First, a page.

Their son was supposed to be released from the hospital Saturday, but doctors have now ordered him to stay there until the storm emergency passes. The Wisdoms want to be with him, but they are stranded at the hotel.

“We have prepped for the hotel room,” Sandra said. “We bought extra food and water, we came down here and bought snacks. We filled the bathtub with water so we can flush the toilet if we have to.”

They said they’d ridden out lots of tornadoes in Oklahoma in the past.

“But this is kind of crazy,” Sandra said. “It’s bad enough to have to come down when your son has brain surgery, but to have to go through a hurricane too is a little much.”

— Kevin Sullivan

The unicorn floatie

Since Thursday, Sarah and Eric Fisher prepared for his older brother’s wedding. It was supposed to be on Saturday at The Farmhouse in Montgomery, near Lake Conroe, just over an hour’s drive north of Houston.

It was supposed to be a weekend of fun. They’d rented a lake house. That explains the inflatable unicorn in Sarah’s car. But when news of Harvey stalling above the greater Houston area broke, guests called to say they couldn’t make it.

Vendors began to cancel. The bride was devastated. The wedding was postponed.

So Sarah and her husband and her parents, Laura and Tim Schuur, headed back to her parents’ home in Spring.

They made it just in time to move the furniture upstairs. The rain began and by 8 a.m., their house started to flood. It covered their hardwood floors, up to their ankles and closer and closer to the mailbox.

Like a year ago when their home flooded after a storm, Sarah, her husband and her parents knew they’d need to evacuate.

Jack, a poodle, and Daisy, a bulldog, came first on an inflatable tube that was meant to be pulled behind a boat on Lake Conroe.

Jack and Daisy.

Laura wore a pink inner tube around her waist. And that unicorn floatie, the one Sarah used at her best friend’s engagement party at the lake a few weeks ago, turned into a way to save her family’s possessions.

So they walked two miles, for nearly 20 minutes, in water that rose between their waists and their chests before they were rescued by family friends.

“In the last flood, we got about eight inches,” Sarah said. “This time, we think we’ll get double that.”

By now, the water is above the mailbox and the blue truck parked out front has water almost to the top of the cab.

But Sarah and her family are 15 miles northwest, at her grandfather’s home. There, the pups are asleep and her family is safe and the unicorn floatie is deflated under the covered back porch.

— Stephanie Kuzydym

 

 

Watching the floodwaters rise

Michael Peraza, 17, slept at a friend’s house Saturday night after watching the boxing match between Floyd Mayweather Jr. and Conor McGregor. He awoke to messages from his mom telling him that water had started to seep into the house.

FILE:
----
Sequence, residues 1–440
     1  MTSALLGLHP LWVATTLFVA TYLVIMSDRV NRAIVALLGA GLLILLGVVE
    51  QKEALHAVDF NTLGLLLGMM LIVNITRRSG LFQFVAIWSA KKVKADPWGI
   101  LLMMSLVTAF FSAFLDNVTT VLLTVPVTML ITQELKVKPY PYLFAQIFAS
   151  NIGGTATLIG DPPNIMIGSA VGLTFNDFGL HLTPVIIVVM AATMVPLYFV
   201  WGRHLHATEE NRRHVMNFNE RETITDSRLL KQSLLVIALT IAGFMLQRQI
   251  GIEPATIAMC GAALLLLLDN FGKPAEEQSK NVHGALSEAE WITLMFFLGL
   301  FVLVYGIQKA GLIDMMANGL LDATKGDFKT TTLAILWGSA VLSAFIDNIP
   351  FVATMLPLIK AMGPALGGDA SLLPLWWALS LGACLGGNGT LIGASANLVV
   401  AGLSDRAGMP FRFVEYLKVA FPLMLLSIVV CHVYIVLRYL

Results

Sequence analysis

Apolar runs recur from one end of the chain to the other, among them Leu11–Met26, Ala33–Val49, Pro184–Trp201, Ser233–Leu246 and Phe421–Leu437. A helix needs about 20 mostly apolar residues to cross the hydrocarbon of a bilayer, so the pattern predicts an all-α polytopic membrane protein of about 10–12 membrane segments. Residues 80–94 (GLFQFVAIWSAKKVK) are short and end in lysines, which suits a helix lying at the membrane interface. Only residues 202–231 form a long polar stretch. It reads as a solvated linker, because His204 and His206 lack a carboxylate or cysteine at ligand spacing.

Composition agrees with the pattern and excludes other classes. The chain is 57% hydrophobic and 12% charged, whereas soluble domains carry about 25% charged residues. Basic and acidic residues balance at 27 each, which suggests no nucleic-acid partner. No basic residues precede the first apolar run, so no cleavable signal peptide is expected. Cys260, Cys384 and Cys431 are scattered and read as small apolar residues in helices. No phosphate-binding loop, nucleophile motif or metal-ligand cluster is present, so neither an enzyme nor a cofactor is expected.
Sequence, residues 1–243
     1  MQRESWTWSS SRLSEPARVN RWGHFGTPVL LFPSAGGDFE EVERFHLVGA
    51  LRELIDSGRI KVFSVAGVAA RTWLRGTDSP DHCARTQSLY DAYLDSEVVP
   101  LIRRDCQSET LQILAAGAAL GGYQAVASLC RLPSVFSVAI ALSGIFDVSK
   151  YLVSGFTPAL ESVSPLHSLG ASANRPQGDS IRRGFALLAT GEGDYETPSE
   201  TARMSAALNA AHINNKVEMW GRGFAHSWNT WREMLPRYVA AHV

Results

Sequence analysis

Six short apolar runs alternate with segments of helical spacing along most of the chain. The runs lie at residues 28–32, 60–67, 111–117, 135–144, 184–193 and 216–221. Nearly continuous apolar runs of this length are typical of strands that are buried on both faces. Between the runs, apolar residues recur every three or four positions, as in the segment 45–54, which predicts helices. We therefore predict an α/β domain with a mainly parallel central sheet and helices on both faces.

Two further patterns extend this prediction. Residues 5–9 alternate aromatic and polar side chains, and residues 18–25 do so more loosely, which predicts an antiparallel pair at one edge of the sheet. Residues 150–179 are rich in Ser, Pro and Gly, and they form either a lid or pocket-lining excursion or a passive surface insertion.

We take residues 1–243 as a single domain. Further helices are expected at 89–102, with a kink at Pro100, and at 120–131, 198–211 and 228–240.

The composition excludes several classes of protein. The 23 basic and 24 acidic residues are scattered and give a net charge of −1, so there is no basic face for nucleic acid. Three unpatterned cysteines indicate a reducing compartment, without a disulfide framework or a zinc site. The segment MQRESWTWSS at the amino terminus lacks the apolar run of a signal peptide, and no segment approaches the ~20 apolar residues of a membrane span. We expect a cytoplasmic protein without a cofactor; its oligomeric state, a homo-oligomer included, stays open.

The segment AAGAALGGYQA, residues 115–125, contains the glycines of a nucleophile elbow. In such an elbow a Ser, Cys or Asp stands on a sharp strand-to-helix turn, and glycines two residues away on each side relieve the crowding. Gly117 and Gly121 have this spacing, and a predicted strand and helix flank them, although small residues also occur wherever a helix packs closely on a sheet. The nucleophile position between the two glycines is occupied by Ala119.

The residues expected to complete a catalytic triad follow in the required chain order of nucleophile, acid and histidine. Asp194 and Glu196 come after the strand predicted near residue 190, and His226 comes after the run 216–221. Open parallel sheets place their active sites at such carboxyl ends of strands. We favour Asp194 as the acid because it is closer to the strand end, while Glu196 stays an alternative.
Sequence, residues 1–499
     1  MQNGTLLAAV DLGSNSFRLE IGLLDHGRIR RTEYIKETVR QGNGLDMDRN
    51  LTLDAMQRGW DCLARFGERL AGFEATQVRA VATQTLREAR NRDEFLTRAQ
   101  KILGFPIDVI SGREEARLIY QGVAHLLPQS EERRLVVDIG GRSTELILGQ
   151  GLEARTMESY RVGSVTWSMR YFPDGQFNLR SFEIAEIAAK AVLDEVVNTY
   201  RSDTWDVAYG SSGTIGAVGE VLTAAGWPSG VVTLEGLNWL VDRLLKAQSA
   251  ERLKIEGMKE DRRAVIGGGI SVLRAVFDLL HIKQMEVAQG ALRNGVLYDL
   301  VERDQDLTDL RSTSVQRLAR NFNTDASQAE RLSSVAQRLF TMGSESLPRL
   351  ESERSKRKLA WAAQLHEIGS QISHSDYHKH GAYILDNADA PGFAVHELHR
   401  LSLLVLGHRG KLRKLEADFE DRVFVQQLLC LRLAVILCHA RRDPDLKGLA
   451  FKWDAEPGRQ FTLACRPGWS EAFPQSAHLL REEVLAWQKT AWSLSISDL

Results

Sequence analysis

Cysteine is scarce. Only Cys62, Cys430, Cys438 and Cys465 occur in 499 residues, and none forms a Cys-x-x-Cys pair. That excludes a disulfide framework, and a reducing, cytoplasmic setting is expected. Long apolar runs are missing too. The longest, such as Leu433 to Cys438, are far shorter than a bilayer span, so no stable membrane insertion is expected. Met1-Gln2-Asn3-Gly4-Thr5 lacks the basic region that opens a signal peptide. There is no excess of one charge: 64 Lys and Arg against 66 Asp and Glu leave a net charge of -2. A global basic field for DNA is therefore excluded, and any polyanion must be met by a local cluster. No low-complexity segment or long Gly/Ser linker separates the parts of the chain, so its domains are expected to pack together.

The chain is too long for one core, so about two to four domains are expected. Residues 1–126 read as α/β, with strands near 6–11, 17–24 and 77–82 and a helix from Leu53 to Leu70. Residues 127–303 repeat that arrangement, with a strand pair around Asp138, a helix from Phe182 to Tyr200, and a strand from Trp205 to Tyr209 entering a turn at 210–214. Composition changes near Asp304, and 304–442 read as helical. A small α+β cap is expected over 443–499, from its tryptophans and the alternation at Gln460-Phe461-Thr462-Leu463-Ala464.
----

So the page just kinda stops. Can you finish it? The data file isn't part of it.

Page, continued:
Michael and his friends walked each other home through flooded streets in Westfield. When he arrived, he was shocked to see several inches of water in the place he has called home for 10 years. His mother unplugged everything and collected a few treasured items while his sister called for help.

“My sister started calling as soon as it started flooding around 9 a.m., and nothing was getting through,” Peraza said. “We kept calling all the numbers that were listed on television.”

The family decided to leave on foot just after 4 p.m., with Peraza and his sister each carrying one of her children, ages 4 and 7. The family didn’t have a destination in mind, they just knew they didn’t want to be stuck in the house as the floodwater continued to rise.

“We just decided to leave on pure instinct,” Peraza said.

When they got to the end of Anice Street, where they live, they heard a horn and followed it. Around the corner, they spotted a high-water rescue truck staffed by local firefighters and Army Reserve members. The family joined nearly 20 other evacuees in the back of the truck and made their way to the Red Cross shelter at M.O. Campbell Center on Aldine Bender.

Peraza said that with more than 200 people already at the shelter, there wouldn’t be enough cots for everyone to sleep on, but that he was just happy to be safe and dry with his family.

— Brittney Martin

 

Every building damaged, no lives lost

Maureen Gordon, 53, was waiting at Port Aransas city offices to get to a shelter after her roof caved in and she fell on broken glass from her windows.

“I could never go through something like this again,” said Gordon, who has pieced together a living waiting tables and tending bar for the past 20 years in this resort town where shrimpers live

Some of the damage in Port Aransas, Tex. (Mary Lee Grant for The Washington Post)

alongside wealthy second-home owners and surfers.

City Manager Ken Parsons said there were no fatalities in this town of about 3,800, which can swell to 70,000 on weekends. The past two days have been spent doing searches and rescues using dogs. No major injuries have been reported.

“Every building was compromised in some way, whether it was 3 percent or 100 percent,” Parsons said.

The city marina was destroyed and expensive yachts as well as small boats were sunk. Many boats washed up along the Main Street.